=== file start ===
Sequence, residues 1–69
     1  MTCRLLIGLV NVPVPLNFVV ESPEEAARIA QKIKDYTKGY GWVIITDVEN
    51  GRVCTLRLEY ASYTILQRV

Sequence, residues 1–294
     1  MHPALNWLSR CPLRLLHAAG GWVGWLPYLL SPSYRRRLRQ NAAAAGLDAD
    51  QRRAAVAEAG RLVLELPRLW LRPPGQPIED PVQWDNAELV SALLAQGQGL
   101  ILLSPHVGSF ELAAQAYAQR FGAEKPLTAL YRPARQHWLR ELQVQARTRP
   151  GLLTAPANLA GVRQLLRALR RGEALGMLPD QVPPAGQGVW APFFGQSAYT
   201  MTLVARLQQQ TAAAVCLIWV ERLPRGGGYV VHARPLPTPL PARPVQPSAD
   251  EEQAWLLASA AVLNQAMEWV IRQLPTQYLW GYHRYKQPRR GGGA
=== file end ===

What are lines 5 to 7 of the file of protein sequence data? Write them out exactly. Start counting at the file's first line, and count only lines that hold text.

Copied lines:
     1  MHPALNWLSR CPLRLLHAAG GWVGWLPYLL SPSYRRRLRQ NAAAAGLDAD
    51  QRRAAVAEAG RLVLELPRLW LRPPGQPIED PVQWDNAELV SALLAQGQGL
   101  ILLSPHVGSF ELAAQAYAQR FGAEKPLTAL YRPARQHWLR ELQVQARTRP